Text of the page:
Ok, Ok...I know I'm on a "break" from blogging, but I felt that this was something pretty important to post about (since it's the reason for my break in the first place!)
This week is National Infertility Awareness week. And as you all know, we've been struggling with infertility for 3 1/2 years now. Yes, I did get pregnant, but it was with assistance and as you might have figured out, I haven't been able to get pregnant since. We are still struggling with infertility and there is more to our story that I haven't shared yet. I promise I will one day, just not today.
Last year, I posted this. And at the time, I honestly didn't think I would still be posting about this crap. I thought I would be posting my babies' Easter pics.
I also posted this video. And it still makes me cry, maybe even a little bit more.
I'm not going to preach to everyone about what to say or what not to say to an infertile person. I not going to go on and on about how everything makes me feel, because honestly, no one can possibly understand it unless they have personally been through it.
I just want everyone to be AWARE. That's all.
I also wanted to share this post made by The Inadequate Conception. She always seems to nail exactly what I'm feeling every time:
Stressing me out
In recognition of National Infertility Awareness Week, I wanted to devote a post to Resolve's Bust an Infertility Myth theme. I'm busting the myth that not having children isn't stressful. I hear parents complain all of the time about their kids making them crazy because they drew on the walls with markers, puked in their bed, shoved a pickle up their nose, forgot about their science project until the night before it was due; the list goes on and on...
However, the stress of not being a parent or trying to become one is also incredibly daunting, and I think much worse.
As my pregnancy virgins and I know, the stress of not being able to conceive can overtake your life - your relationships with your spouse, your family and friends, your finances, and your dreams. Don't forget the stress on your body, mind and spirit (perhaps that's part two of this post).
Your marriage:I've never been close to the brink of divorce, but I know of infertile couples who have (and some who have even split up). When trying to conceive completely consumes your life, it consumes your marriage, too. Being tethered to the doctor's office, being told when to have sex, hormonal outbursts from fertility drugs, and blame games on why she can't conceive are enough to rock the strongest marriage. Add to all of this, the fact that the one person who completely understands what you're going through, is going through the same horrible thing. Ugh, even writing all of this is stressing me out.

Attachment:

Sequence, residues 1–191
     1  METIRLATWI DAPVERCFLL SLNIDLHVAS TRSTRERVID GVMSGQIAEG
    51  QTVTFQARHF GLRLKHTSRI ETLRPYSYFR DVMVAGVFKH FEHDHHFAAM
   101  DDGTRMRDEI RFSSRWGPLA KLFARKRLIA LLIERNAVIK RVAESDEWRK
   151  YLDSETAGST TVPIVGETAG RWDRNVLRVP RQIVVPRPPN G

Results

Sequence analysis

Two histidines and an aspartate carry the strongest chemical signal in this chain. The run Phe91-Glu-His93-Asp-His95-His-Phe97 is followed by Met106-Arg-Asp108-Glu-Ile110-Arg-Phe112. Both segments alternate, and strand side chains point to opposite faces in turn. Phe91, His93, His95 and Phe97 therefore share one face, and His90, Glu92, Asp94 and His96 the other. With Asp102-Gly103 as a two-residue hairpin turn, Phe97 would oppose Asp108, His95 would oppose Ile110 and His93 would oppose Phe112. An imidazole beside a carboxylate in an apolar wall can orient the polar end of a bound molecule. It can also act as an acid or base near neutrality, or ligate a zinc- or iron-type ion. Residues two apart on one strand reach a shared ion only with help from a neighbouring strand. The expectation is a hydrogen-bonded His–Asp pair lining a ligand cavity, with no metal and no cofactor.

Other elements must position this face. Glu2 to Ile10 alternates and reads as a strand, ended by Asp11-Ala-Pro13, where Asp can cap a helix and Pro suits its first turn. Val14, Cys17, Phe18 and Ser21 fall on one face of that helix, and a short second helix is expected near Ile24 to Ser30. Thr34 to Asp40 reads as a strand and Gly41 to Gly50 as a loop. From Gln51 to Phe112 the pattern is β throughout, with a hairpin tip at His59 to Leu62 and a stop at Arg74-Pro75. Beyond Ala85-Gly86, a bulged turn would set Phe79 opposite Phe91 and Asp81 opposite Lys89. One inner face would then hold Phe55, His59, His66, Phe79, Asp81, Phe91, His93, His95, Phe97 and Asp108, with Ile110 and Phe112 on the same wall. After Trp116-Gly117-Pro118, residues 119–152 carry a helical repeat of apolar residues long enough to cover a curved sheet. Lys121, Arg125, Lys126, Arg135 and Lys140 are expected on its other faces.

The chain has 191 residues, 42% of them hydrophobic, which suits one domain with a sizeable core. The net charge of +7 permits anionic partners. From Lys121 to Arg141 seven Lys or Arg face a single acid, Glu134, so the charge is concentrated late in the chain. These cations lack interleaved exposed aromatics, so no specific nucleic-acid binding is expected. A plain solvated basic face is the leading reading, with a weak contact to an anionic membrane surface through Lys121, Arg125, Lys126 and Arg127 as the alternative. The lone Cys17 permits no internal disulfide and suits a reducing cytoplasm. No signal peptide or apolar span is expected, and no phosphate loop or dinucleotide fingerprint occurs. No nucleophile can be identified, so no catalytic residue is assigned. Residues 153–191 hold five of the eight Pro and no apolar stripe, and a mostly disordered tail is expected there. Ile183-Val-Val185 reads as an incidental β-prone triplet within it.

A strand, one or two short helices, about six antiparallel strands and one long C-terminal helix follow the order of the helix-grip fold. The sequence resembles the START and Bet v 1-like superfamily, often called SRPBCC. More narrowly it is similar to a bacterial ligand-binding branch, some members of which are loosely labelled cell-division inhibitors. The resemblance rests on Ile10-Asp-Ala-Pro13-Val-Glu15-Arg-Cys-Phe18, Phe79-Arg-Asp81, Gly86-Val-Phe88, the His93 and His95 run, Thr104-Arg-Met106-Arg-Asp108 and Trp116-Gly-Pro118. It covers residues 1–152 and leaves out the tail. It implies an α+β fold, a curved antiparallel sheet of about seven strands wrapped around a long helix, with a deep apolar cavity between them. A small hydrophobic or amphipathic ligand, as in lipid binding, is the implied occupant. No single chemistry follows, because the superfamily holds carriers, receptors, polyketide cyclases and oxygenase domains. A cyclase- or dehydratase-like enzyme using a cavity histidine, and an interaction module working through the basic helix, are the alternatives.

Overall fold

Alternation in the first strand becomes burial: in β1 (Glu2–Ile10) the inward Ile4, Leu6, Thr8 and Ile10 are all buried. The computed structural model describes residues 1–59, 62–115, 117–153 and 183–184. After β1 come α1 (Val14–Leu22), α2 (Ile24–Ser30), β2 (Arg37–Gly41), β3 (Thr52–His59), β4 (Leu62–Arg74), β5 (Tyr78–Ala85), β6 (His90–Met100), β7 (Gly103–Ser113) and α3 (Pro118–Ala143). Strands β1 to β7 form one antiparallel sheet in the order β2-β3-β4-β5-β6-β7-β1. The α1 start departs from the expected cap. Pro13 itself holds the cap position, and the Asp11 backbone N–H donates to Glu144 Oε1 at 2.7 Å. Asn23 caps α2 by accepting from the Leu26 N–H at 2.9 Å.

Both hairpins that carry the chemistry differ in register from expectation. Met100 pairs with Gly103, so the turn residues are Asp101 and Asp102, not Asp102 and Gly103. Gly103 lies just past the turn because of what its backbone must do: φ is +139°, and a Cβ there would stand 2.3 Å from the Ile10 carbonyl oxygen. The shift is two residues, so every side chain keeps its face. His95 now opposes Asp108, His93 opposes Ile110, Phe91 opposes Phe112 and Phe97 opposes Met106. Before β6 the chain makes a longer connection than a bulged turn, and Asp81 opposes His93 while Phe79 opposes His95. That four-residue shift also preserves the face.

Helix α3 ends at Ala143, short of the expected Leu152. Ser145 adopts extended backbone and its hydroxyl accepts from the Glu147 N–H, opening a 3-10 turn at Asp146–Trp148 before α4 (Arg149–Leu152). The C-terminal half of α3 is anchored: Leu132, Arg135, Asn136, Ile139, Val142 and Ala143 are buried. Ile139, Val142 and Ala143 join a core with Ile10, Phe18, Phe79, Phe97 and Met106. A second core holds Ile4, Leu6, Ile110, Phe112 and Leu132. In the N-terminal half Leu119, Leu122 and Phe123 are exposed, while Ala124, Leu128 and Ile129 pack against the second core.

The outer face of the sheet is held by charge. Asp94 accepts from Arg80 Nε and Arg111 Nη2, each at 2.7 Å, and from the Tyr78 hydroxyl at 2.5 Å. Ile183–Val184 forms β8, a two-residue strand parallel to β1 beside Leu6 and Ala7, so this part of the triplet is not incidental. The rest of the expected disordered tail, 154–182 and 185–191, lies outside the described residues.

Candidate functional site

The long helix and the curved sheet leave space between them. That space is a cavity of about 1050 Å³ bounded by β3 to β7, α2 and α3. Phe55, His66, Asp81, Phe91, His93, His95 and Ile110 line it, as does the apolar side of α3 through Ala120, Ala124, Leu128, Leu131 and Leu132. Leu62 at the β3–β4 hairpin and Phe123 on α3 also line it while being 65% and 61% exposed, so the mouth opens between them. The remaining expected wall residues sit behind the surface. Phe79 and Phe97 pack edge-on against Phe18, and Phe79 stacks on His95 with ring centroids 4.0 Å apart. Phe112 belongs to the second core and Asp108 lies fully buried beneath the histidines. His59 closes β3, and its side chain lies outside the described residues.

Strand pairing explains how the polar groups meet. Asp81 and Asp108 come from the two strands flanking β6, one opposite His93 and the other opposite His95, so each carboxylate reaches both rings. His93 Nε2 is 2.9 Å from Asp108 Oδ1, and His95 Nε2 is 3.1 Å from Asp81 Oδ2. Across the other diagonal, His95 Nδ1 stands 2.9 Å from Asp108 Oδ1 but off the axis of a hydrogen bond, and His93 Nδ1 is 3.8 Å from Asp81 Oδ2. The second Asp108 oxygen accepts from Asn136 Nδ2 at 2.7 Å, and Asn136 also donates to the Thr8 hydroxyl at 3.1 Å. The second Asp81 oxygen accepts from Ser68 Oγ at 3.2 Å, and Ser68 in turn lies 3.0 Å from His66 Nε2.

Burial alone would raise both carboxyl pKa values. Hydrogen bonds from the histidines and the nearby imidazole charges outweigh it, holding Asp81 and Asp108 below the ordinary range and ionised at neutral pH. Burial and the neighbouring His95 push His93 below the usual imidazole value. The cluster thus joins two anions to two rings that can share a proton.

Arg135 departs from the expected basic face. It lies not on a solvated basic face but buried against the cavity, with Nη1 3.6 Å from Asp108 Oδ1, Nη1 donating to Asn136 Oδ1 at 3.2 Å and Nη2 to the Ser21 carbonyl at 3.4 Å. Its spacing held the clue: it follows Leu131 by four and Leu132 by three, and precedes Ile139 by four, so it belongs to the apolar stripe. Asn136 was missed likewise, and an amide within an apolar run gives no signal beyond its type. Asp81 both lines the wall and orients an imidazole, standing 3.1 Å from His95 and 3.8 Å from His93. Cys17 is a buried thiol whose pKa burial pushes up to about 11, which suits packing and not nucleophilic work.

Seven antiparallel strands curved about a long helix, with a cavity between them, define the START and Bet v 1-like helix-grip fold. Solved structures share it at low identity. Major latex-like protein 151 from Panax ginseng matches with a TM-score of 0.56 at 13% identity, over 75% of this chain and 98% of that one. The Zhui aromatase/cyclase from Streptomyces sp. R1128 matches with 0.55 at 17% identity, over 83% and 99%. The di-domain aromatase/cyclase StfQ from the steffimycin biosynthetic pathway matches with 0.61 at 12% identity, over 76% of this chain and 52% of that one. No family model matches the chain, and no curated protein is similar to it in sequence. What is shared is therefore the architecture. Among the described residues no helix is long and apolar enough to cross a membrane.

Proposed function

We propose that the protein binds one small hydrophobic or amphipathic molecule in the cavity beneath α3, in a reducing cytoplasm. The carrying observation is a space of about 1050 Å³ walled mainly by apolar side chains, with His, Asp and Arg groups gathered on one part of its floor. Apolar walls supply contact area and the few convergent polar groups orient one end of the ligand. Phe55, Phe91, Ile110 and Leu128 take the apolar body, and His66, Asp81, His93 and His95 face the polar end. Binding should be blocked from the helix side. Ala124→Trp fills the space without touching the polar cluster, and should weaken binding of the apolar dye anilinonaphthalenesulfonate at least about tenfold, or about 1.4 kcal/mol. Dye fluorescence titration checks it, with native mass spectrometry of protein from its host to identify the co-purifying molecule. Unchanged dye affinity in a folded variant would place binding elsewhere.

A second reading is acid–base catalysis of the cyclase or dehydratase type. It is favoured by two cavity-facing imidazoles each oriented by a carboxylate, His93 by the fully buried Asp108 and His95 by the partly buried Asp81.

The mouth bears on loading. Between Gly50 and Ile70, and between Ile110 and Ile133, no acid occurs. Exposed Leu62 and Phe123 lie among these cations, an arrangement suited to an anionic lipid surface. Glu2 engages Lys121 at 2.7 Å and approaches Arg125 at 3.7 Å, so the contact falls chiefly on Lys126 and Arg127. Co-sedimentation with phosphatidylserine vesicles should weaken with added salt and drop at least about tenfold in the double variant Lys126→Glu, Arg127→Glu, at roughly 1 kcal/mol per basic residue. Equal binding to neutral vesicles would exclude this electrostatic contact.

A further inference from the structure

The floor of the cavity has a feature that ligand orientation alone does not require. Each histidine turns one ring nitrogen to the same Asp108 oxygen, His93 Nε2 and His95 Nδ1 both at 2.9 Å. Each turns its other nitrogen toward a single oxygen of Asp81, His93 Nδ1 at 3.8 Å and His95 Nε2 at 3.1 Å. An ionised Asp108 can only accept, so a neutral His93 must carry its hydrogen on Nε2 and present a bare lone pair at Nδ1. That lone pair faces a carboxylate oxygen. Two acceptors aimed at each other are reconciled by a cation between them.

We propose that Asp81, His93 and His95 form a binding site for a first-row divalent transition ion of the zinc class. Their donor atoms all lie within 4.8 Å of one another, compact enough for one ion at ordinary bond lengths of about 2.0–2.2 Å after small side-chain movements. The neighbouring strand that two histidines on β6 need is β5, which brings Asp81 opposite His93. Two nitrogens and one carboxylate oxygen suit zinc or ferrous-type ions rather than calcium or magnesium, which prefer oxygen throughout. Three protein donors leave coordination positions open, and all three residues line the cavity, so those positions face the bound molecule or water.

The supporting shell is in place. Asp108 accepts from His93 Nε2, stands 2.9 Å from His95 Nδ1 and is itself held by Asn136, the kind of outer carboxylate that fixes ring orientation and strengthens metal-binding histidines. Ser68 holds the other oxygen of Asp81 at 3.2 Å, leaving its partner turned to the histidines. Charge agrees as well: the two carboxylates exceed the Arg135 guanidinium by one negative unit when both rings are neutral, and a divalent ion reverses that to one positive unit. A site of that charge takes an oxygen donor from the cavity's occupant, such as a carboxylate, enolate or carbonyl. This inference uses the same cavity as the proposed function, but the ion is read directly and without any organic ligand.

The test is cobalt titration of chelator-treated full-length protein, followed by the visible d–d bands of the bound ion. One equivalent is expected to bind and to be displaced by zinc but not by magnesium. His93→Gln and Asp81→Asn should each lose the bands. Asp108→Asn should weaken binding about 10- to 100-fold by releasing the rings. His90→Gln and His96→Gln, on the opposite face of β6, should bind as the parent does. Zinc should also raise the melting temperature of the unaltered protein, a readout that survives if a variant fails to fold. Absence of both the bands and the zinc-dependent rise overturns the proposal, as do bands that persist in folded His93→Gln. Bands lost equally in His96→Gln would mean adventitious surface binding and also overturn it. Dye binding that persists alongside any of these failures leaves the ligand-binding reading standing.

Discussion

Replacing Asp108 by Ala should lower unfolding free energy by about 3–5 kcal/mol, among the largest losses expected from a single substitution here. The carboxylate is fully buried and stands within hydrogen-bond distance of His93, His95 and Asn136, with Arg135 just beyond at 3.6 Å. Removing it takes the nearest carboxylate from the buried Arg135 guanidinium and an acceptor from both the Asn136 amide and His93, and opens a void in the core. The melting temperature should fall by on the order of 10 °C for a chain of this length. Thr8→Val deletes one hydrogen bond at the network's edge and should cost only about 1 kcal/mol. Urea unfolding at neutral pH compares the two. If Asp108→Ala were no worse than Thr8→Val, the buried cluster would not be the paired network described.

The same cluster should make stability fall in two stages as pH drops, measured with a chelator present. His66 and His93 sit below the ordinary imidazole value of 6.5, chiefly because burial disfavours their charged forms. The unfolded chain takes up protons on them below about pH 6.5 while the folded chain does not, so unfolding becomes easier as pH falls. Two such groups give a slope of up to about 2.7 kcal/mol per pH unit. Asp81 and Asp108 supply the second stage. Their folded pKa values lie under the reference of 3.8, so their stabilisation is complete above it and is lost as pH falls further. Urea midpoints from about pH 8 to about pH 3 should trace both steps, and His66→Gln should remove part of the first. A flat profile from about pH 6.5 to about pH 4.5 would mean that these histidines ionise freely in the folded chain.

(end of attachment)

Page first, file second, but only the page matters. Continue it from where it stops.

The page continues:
Your family and friends:Relationships with family and friends can also change dramatically when you're dealing with infertility. There always seems to be a teenage second cousin who gets pregnant or a hyper-fertile friend who "wasn't even trying" to bring up a lot of resentment and bitterness. And, as much as we try for this not to happen, it can just be inevitable. Heap on the sometimes insensitive, but well-intentioned "advice" that we're sometimes given about "not stressing", "just adopting" and "trying a conceptionmoon", and it's enough to drive friendships apart. And, when you're the only friend at brunch who doesn't have a "birthing story", you can find yourself jealous of episiotomies and C-sections. I've seen several posts along these lines around the infertile blogosphere. Tension-filled rooms at family gatherings asking "when are you going to start having kids?" can also result in a moratorium on Sunday dinners at the in-laws.
Your finances:Fertility treatments, adoption home studies, background checks, and attorney fees, and the countless bottles of wine and retail therapy can set your finances into a tailspin. Do you put a new roof on your house with a leaking ceiling or do an IVF cycle? Put brakes on your car or buy a round of follistims? Take out a loan to get pregnant? I know of women who've had yard sales, just to pay for an IUI. Truly, thinking about the money we've spent on fertility treatments makes me a little sick to my stomach (would do it all over again, but still very stressful!).
Your dreams:If you've gone through fertility treatments, the process to adopt or other family building methods and no child comes into your life, there is the definite and heart-breaking loss of a dream. You may find yourself wandering about the 4-bedroom house that you bought to fill with children or aimlessly driving around in your SUV with a third row of seats - empty. I mourn things like Saturday morning pancakes made by daddy, fun at the zoo, running through my neighborhood with a jog stroller - dreams I've had since the day I met my husband. And, that can be the most stressful feeling of all.
So, as difficult as parenting may be, I'd take the stress of being a mom over the stress of not any minute of any day.